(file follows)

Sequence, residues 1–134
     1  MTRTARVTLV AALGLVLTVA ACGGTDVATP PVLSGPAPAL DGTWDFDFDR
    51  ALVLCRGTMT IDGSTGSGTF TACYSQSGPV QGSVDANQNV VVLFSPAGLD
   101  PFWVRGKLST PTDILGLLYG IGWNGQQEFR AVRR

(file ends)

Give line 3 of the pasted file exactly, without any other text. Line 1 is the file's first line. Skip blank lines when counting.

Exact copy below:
    51  ALVLCRGTMT IDGSTGSGTF TACYSQSGPV QGSVDANQNV VVLFSPAGLD